Cybertypes: Race, Ethnicity, and Identity on the Internet Paperback – Jul 18 2002
Customers Who Bought This Item Also Bought
No Kindle device required. Download one of the Free Kindle apps to start reading Kindle books on your smartphone, tablet, and computer.
Getting the download link through email is temporarily not available. Please check back later.
To get the free app, enter your mobile phone number.
From Publishers Weekly
With chapter subtitles such as "Identity Tourism, Avatars, and Racial Passing in Textual and Graphic Chat Spaces" and "Making Race Happen Online," Cybertypes: Race, Ethnicity, and Identity on the Internet shows the tenaciousness of race categories in cyberspace, despite the Web's touring as a raceless utopia. Lisa Nakamura, associate professor of English at Sonoma State University, argues that "race, as vexed a term as that has come to be, is an indispensable part of the 'root' that warrants, anchors and conditions the lives of actual users in cyberspace to the world offline," and that only by paying close attention to race's offline vicissitudes will we understand online life.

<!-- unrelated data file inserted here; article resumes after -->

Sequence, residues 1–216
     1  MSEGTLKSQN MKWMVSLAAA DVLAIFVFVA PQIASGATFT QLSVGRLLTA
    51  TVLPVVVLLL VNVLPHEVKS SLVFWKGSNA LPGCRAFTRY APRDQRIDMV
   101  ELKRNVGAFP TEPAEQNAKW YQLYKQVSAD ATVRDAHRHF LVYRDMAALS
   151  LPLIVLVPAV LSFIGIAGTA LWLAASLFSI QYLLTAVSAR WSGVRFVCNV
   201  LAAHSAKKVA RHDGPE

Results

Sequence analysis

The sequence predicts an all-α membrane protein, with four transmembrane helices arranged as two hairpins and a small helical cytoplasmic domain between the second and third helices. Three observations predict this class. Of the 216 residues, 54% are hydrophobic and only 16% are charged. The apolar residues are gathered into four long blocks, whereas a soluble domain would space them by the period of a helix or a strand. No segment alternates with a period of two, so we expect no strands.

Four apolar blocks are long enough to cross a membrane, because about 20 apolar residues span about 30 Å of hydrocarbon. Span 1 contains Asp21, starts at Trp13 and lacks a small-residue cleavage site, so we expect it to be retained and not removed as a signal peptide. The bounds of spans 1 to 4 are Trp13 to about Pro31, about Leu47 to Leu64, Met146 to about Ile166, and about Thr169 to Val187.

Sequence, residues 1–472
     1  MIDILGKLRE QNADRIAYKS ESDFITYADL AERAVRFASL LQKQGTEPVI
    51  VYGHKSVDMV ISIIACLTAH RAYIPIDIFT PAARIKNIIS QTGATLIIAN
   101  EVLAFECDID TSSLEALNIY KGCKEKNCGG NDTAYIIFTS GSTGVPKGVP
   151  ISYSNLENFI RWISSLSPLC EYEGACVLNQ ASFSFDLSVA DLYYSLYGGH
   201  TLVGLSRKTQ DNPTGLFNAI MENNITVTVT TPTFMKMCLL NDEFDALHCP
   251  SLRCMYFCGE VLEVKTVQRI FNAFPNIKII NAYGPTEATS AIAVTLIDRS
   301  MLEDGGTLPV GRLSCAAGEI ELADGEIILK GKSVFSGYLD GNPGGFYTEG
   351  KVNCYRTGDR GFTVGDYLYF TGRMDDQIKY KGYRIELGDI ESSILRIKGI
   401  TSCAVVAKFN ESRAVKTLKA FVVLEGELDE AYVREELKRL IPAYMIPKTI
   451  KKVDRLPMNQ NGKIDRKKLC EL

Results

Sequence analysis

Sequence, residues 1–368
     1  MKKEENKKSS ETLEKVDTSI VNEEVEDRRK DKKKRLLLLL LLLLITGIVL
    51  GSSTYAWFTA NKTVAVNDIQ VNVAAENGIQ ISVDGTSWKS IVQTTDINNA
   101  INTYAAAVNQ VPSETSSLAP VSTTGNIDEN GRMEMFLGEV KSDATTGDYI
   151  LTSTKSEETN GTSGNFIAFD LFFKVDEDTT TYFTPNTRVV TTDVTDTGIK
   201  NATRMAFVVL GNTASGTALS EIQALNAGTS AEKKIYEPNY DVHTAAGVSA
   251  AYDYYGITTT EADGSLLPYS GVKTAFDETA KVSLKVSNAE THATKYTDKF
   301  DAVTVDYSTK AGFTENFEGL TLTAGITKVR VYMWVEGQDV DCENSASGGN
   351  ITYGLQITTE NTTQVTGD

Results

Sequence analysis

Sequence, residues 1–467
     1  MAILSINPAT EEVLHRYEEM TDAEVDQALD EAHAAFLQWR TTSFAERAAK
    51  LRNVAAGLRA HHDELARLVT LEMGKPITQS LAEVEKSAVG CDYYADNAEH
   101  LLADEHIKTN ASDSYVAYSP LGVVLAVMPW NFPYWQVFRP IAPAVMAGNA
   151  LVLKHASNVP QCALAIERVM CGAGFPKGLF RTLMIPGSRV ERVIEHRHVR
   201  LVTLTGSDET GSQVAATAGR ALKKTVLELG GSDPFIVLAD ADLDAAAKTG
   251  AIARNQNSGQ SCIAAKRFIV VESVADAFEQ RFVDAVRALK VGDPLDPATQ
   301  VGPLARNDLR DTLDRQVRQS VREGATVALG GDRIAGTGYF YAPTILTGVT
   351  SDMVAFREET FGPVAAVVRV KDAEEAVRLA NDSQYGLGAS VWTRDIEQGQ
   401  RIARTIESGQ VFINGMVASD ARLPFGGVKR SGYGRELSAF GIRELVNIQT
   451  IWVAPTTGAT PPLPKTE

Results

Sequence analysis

Copyright 2002 Reed Business Information, Inc.
Defying a generation of scholars who have argued that there's no place for race in cyberspace, Lisa Nakamura sets out to find and analyze the cultural work that race and ethnicity do online. Traveling through a fascinating web of online nodes and offline narratives--advertisements for Microsoft and MCI, MUDs, and commercially-driven Web sites, and cyberpunk films and novels, to name a few--Nakamura deftly and engagingly shows us that race happens, both online and within popular discourses portraying online culture. A tour-de-force that can and should blow the doors of cyberculture studies wide open, Cybertypes is the book we've been waiting for.
David Silver, University of Washington
Nakamura argues that 'race happens' in cyberspace, and in her book a savvy racial analysis is what's on the menu. With attention to presences, absences, identities, subjectivities, ideologies, and practices in Internet and other cyberspatial zones, Cybertypes shows how 'doing virtuality' is never unmarked. What we get from reading difference with Nakamura is a menu for change, not a recipe for more of the same.
Donna J. Haraway, University of California at Santa Cruz
Cybertypes is a simply fascinating examination of how racial ideas changed in the online environment.
Nakamura strikes a productive balance in tone; her writing is thoughtful yet breezy. It is thorough enough to stand up to the demands of academia, while it resists relying too heavily on the labyrinthine and verbose of critical theory or the obtusely specific jargon of computer technology.
NYFA Quarterly, Spring 2003
Top Customer Reviews